The Department of Health and Human Services has announced that it is lowering the maximum amount it will assess for most types of HIPAA violations. Although the change is couched as an exercise of discretion, HHS states that it is basing the modifications on a change in its interpretation of the penalty provisions set forth in […]Additional Information »

The Department of Health and Human Services has announced that it is lowering the maximum amount it will assess for most types of HIPAA violations. Although the change is couched as an exercise of discretion, HHS states that it is basing the modifications on a change in its interpretation of the penalty provisions set forth in the Health Information Technology for Economic and Clinical Health Act (HITECH) Act.

As revised, the maximum annual penalty that HHS will assess for any type of HIPAA violation will vary with the entity’s culpability. Previously, this variation applied only to the minimum penalty for each particular violation.

Civil Monetary Penalties

Nature of Offense

Prior Penalty Limits

New Penalty Limits

Did not know and by exercising reasonable diligence would not have known of violation

$100 to $50,000 per violation

Up to $1.5 million per type per year

$100 to $50,000 per violation

Up to $25,000 per type per year

Violation due to reasonable cause

$1,000 to $50,000 per violation

Up to $1.5 million per type per year

$1,000 to $50,000 per violation

Up to $100,000 per type per year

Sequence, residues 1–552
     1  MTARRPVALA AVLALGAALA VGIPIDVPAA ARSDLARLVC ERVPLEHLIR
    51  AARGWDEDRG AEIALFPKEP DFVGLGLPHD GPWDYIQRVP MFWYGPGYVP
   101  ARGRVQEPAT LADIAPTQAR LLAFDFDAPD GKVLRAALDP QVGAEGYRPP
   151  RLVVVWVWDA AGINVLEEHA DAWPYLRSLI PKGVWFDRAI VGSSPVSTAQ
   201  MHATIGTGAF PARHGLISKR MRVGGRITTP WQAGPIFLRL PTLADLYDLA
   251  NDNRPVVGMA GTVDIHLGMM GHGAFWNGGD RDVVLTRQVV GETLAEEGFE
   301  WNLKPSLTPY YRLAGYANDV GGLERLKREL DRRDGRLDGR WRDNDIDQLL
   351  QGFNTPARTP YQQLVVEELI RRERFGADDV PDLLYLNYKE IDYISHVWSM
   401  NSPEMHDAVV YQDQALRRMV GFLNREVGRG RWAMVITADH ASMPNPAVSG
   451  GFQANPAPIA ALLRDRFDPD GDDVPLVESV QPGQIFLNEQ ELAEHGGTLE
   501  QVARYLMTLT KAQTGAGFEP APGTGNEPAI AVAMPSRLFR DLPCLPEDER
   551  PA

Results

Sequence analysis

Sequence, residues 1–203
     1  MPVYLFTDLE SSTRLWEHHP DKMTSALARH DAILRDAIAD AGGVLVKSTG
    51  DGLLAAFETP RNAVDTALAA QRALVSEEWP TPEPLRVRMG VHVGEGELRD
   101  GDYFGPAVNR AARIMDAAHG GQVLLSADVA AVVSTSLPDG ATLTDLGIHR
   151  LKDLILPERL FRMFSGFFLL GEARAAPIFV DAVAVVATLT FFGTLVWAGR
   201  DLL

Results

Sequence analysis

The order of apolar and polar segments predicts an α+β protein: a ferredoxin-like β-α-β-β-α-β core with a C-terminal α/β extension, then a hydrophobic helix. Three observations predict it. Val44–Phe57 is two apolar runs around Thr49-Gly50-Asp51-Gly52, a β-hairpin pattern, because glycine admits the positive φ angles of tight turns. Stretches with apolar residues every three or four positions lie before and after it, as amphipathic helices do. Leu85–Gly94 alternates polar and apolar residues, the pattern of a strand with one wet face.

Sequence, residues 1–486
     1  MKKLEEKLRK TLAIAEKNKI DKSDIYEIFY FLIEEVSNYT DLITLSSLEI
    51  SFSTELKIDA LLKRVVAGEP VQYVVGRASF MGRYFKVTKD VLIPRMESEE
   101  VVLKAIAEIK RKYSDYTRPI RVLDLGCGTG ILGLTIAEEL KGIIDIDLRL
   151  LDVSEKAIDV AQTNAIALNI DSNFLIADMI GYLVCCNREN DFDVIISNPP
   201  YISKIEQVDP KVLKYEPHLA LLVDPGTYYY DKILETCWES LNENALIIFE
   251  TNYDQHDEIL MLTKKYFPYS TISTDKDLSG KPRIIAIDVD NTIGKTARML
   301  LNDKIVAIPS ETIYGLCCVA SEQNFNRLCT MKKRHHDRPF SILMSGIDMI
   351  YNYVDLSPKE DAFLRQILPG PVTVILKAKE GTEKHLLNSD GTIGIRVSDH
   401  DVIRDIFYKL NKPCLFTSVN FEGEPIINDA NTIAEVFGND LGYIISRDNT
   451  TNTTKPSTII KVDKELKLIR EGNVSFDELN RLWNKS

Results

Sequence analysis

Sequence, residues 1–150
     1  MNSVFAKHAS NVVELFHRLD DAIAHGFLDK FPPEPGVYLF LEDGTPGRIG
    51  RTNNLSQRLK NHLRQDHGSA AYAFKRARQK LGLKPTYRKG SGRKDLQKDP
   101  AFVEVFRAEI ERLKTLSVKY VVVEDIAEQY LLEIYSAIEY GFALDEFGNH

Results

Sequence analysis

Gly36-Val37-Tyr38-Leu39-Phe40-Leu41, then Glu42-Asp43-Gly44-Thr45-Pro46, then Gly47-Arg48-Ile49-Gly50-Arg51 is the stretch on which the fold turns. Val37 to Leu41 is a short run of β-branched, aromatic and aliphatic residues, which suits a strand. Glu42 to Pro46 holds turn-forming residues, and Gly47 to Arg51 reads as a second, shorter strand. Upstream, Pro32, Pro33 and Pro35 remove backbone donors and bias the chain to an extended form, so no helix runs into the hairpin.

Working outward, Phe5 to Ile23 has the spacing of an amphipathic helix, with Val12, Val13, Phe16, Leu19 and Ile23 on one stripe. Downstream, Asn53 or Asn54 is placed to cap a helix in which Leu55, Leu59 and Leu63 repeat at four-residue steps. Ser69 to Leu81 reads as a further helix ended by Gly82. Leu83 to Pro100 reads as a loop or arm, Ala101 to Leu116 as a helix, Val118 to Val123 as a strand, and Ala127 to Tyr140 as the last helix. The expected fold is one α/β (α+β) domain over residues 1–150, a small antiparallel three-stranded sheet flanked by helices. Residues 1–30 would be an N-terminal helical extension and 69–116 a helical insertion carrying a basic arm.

Willful neglect but corrected problem

$10,000 to $50,000 per violation

Up to $1.5 million per type per year

$10,000 to $50,000 per violation

Up to $250,000 per type per year

Willful neglect but did not correct problem

$50,000 per violation

Up to $1.5 million per type per year

$50,000 per violation

Up to $1.5 million per type per year

The practical effect of these modifications will depend on the extent to which HHS seeks to impose penalties on covered entities and business associates for offenses that did not result from willful neglect and that have not been appropriately corrected. The change in penalties does not alter the basic advice to health care providers and health plans: continue to maintain appropriate safeguards against violations of HIPAA’s privacy and security rules and take prompt action in the event of a breach.

Ballard Spahr attorneys established the Health Care Reform Dashboard as a one-stop resource under the Affordable Care Act. We have expanded the scope of the Dashboard to extend to certain other laws, but continue the mission of providing our readers with information about significant changes affecting health care and health benefits in the United States and to establish a repository for analysis and original source material of significant developments that have occurred over time. Change is ongoing, and we will continue to update the Dashboard to reflect new legislation, administrative guidance, and judicial decisions as they are published.